India’s Prime Minister Narendra Modi speaks at the World Leaders’ Summit “Accelerating Clean Technology Innovation and Deployment” session at the COP26 Climate Conference in Glasgow, Scotland on November 2, 2021.
Jeff J Mitchell | AFP | Getty Images
India’s road to net zero carbon emissions will be long and challenging — while it’s not impossible, it will need a lot of strategic planning in the decades ahead, economists told CNBC.
The world’s third-largest emitter of greenhouse gases surprised the world on Monday by setting a target for net zero carbon emissions — after years of rejecting calls for it.
Speaking at the COP26 summit, Prime Minister Narendra Modi said India would aim for net zero carbon emissions by 2070. While it’s the first time India has made such a pledge, the timeline is still two decades beyond the 2050 target set by the climate summit’s organizers.
Net zero emissions refer to achieving an overall balance between greenhouse gas emissions produced and greenhouse gas emissions removed from the atmosphere, through natural means or by using the still nascent carbon capture technology.
“I was surprised because there has been quite a heated debate on net-zero in India,” Ulka Kelkar, director of the climate program at World Resources Institute, India, told CNBC.
Can India achieve its 2070 target?
India is still largely dependent on fossil fuels like oil and coal and its economic priorities are mostly focused on domestic issues. The country’s energy demand is expected to rise sharply over the next decade as the economy continues on its growth trajectory.
Kelkar said she believes India’s 2070 target is “very much achievable” when taken together with the other targets for 2030 that Modi announced.
They include the following:
India will expand its renewable energy capacity to 500 gigawatts by 2030;Around 50% of its energy needs would come from renewable sources;It will reduce total projected carbon emissions by a billion tonnes between now and 2030;India will reduce carbon intensity of its economy by less than 45%.
The pledges “will provide policy certainty to industry to invest in decarbonization technologies, and will also inspire India’s states and cities to set their own net-zero pathways to development,” Kelkar said on email.
It does need a lot of strategical planning and planning is the word. It is not going to happen just because the announcement is made.
Council on Energy, Environment and Water
By 2070, India will also be a comparatively richer country with a much higher per capita income that will create the fiscal space needed for the transition, said Vaibhav Chaturvedi, an economist with climate think-tank Council on Energy, Environment and Water.
“We think 2070 is doable. Having said that, it is not going to be a cakewalk,” he told CNBC on Tuesday.
“It does need a lot of strategical planning and planning is the word. It is not going to happen just because the announcement is made,” Chaturvedi said. “A lot of sectoral actions, policy planning and intervention has to be there.”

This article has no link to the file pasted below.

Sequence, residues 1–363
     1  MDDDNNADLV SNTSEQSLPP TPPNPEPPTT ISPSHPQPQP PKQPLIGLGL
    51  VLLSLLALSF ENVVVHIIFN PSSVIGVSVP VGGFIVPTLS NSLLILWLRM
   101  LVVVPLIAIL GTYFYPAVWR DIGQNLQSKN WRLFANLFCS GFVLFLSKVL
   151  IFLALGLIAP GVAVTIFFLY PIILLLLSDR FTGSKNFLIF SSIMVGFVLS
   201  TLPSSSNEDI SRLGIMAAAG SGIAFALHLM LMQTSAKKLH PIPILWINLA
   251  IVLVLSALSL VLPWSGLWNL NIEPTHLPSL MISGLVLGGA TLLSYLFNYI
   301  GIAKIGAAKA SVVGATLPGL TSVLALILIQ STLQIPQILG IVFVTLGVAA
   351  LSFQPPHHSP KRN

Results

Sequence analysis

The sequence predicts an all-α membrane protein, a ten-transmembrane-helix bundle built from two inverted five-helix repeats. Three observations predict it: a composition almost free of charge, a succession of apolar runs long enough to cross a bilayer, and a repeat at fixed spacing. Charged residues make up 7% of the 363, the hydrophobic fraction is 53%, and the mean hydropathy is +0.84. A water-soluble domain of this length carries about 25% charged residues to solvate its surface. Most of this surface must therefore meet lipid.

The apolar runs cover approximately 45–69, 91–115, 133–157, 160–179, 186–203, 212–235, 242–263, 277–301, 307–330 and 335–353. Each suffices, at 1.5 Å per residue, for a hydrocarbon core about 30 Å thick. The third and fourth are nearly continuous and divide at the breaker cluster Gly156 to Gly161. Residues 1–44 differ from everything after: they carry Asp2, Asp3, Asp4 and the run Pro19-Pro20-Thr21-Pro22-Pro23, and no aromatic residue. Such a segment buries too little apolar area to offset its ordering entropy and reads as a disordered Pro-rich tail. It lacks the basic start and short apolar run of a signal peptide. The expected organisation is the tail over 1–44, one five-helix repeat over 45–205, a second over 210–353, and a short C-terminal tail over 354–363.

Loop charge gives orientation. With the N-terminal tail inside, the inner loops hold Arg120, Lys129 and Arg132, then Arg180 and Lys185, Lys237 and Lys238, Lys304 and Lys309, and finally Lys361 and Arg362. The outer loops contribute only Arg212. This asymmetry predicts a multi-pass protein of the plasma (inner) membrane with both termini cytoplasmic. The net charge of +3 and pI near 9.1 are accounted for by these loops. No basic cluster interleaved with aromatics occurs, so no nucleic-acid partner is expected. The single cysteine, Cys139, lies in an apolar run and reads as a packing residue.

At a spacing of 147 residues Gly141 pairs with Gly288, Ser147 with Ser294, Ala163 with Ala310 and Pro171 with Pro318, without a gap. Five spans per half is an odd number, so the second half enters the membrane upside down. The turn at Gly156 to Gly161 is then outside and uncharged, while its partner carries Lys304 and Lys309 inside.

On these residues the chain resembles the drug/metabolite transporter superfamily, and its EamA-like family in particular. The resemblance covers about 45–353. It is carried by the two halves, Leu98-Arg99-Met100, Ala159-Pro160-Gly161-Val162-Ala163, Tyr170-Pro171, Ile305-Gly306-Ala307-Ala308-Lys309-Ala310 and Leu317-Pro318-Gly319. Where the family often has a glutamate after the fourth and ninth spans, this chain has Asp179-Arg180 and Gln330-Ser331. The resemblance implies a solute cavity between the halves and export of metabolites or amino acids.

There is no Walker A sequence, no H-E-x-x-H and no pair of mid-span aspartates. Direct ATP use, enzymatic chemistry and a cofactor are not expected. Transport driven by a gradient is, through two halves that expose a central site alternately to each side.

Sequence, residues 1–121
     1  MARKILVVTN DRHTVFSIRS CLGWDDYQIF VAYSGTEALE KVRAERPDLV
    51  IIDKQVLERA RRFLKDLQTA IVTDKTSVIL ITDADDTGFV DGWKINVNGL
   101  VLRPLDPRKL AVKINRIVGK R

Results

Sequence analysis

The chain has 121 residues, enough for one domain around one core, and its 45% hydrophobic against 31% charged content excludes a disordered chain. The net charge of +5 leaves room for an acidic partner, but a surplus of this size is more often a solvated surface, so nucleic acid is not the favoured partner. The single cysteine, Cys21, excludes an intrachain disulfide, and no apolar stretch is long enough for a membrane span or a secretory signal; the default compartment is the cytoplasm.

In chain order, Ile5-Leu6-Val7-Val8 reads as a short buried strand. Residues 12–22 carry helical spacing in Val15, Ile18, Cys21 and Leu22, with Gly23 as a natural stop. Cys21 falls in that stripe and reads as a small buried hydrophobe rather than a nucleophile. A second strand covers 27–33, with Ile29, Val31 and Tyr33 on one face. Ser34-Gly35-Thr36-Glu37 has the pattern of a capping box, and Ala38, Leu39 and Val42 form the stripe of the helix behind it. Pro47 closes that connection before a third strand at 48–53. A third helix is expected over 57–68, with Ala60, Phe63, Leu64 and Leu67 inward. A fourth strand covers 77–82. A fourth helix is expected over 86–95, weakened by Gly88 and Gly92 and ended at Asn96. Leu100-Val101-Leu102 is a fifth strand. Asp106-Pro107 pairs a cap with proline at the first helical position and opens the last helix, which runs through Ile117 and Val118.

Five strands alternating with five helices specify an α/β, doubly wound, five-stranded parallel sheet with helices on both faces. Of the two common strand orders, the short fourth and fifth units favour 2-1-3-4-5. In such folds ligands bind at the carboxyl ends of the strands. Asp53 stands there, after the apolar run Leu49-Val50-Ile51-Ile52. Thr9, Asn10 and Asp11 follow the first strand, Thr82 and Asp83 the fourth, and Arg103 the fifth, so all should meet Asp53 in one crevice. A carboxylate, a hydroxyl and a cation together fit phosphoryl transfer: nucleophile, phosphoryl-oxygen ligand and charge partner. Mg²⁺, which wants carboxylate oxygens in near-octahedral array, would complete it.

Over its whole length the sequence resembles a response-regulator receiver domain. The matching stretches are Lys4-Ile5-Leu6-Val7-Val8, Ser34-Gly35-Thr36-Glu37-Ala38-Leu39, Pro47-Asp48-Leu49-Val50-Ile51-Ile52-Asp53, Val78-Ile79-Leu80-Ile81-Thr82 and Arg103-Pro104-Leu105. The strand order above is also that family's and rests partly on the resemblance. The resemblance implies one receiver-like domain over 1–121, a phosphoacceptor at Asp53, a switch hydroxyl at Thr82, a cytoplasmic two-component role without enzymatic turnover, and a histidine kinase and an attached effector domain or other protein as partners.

A flock of sheep graze next to photovoltaic cell solar panels in the Pavagada Solar Park on October 11, 2021 in village in Karnataka, India.
Abhishek Chinnappa | Getty Images
“We haven’t figured it out yet, but that is fine for now. The announcement has just happened … we will probably figure it out in the next year,” he added.
Chaturvedi explained that India has to navigate potential challenges — such as ensuring that coal workers are not left behind, energy prices do not rise in the near term and getting the state governments on board. Power distribution reforms are also “absolutely necessary” to pave the way for the transition to happen.
What happens next?
India will likely target the power sector first, according to Chaturvedi. The country has already made headway in its push for renewable energy through solar and wind.
“The second sector is hydrogen — that is also a big one. The biggest players in India have already entered the market,” he added.
Hydrogen is a “versatile energy carrier” which can help meet different energy challenges, according to the International Energy Agency. It has a wide range of applications that can help reduce carbon emissions in many sectors.
But most of the hydrogen production today still relies on fossil fuel as a power source, making it a pollution-heavy process.
Broadly, if the world wants to achieve its target of reducing global emissions to net zero by 2050, developed countries must lead the way by achieving net zero well before that date, according to Chandrashekhar Dasgupta, a former climate negotiator for India and an ex-ambassador to European Union and China.
“The major technological breakthroughs for decarbonization will mostly originate in these countries,” said Dasgupta, a distinguished fellow emeritus at The Energy Research Institute, in an email to CNBC before India’s surprise announcement.
Poorer countries will follow suit in the latter half of the century, he added.
“Affluent countries are able to bear the high initial R&D and other overhead costs. Costs will gradually come down with economies of scale and differential pricing, enabling poorer countries to follow,” he said.